Shady elections in oldtime Pagosa Country

As had been true since the founding of Archuleta County, elections in 1892 were colored various shades from black to white, depending on the observer’s viewpoint.

The Pagosa News Editor Daniel Egger wrote: “The News hereby calls attention to the fact that there is at present a movement on foot to repeat the election fraud of 1889 in this county. It will be remembered that in that year about eighty Mexican votes were recorded in this county and it has always been a mystery where they have their habitation. The election was contested and right won, except in one instance.”

Four county tickets were presented to voters in November of 1892: Democratic Ticket, Free Silver Democratic Ticket, People’s Party Ticket, and the Republican Ticket. Egger was elated by the election results, since none of the winners were personal enemies of his. Democratic-People’s Party candidates swept all of the county positions except two. A Republican, J.D. Murray, was elected county judge and Republican J.S. Brown (Siegal) was elected county commissioner. Egger approved of these Republicans.

Finally, in December of 1892, came an announcement that promised economic prosperity for the county. A News item declared: “It is almost definitely settled that the Biggs mill will be located on the Navajo in this county next summer. The moving of the mills there will also necessitate the building of a branch line of the railroad to the river. Should these moves take place a good market will be created for all products raised in the Navajo valley, and everybody can find employment. Many of the settlers also have valuable timber to sell but the majority of the timber will be cut on the grant.”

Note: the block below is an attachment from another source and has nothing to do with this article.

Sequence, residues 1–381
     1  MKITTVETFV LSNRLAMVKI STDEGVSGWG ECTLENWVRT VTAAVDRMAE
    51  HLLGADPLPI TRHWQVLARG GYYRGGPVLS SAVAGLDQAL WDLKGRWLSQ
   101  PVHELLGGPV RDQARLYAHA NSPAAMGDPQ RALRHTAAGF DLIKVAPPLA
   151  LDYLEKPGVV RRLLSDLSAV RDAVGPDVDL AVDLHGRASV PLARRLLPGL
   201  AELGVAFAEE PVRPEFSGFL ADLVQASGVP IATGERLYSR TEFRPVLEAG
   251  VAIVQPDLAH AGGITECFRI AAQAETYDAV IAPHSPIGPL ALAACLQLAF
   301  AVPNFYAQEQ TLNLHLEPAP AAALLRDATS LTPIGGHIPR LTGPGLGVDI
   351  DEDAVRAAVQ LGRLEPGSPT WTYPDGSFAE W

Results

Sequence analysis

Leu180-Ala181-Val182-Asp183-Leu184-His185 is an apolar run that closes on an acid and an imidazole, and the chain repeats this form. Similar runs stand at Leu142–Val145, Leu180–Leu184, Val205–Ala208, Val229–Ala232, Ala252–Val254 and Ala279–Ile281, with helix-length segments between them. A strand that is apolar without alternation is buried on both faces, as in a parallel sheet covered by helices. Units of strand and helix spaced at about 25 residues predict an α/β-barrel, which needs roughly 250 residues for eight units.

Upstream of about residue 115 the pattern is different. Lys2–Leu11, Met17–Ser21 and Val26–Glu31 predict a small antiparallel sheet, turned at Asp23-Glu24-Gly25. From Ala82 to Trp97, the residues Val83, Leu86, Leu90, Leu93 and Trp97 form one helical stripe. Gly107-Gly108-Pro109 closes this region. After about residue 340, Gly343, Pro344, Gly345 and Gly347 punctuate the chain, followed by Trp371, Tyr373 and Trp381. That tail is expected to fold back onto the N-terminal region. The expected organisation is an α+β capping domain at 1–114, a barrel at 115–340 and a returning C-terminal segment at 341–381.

Egger continued: “Many citizens of this county are thinking of securing a quarter-section (160-square-acres) of the fine timber land in this county. The cost is $2.50 per acre, and we believe there are acres of it on which the timber is worth $20 or more on the stump.”

When Egger said most of the timber would be cut on the “grant,” I am guessing he means the Tierra Amarilla Land Grant, controlled by New Mexico lawyer — some say crook — aThomas Catron. In Archuleta County, the TA Grant covered much of the upper Navajo River area above Chromo.

Biggs had been logging in the northern part of Tierra Amarilla County for some years. Biggs mills were located at different times at Los Brazos, on Willow Creek near Chama, Monero, Lumberton, and the biggest at El Vado, now the site of a reservoir. In Spanish, El Vado means the crossing, the location where the Old Spanish Trail which ran from Abiquiu to California crossed the Chama River.

In a December 1892 article, the News described the first Archueta County library. Egger wrote: “At the Sunday School session next Sunday (Motter — held at the public school I presume, since no churches had yet been erected in Pagosa Springs in 1892) the new library books will be given out as far as needed. These books are 48 in number and are the gift of a wealthy Methodist man who died in New York City. This is the first library in the county. If the officers of the Sunday schools on the Navajo and the Blanco would like, Rev. Harpst will aid them in securing a like gift, according to the number of scholars. This should be done in time for the early opening of the schools in the spring.”